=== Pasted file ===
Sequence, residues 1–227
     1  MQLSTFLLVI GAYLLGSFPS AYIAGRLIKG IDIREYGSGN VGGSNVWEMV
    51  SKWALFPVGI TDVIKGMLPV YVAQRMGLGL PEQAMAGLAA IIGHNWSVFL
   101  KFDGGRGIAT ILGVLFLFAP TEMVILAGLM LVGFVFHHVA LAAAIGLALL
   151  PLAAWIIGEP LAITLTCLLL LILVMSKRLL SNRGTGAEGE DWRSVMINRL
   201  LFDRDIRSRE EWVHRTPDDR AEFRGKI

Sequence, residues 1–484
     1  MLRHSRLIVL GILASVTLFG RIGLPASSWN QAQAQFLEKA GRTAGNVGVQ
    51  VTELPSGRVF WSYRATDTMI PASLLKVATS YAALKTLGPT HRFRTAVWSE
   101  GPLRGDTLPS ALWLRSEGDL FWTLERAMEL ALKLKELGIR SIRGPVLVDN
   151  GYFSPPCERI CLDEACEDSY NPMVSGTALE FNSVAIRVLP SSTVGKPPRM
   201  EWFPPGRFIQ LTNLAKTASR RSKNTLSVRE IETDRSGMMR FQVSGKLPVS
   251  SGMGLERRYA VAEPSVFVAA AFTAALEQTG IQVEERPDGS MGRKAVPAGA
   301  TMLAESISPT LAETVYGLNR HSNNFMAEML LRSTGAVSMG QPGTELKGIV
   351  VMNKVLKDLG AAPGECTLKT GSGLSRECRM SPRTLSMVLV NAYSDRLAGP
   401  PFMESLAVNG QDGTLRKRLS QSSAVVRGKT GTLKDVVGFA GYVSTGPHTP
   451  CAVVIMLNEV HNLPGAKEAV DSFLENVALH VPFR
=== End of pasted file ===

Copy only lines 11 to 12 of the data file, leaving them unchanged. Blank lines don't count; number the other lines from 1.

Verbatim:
   151  GYFSPPCERI CLDEACEDSY NPMVSGTALE FNSVAIRVLP SSTVGKPPRM
   201  EWFPPGRFIQ LTNLAKTASR RSKNTLSVRE IETDRSGMMR FQVSGKLPVS